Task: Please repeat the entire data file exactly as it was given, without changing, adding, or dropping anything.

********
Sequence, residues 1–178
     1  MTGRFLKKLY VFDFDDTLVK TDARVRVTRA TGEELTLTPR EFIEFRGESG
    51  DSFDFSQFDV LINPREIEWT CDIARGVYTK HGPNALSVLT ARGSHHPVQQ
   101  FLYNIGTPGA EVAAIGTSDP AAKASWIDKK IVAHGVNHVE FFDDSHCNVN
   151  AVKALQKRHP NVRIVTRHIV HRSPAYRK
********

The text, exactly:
Sequence, residues 1–178
     1  MTGRFLKKLY VFDFDDTLVK TDARVRVTRA TGEELTLTPR EFIEFRGESG
    51  DSFDFSQFDV LINPREIEWT CDIARGVYTK HGPNALSVLT ARGSHHPVQQ
   101  FLYNIGTPGA EVAAIGTSDP AAKASWIDKK IVAHGVNHVE FFDDSHCNVN
   151  AVKALQKRHP NVRIVTRHIV HRSPAYRK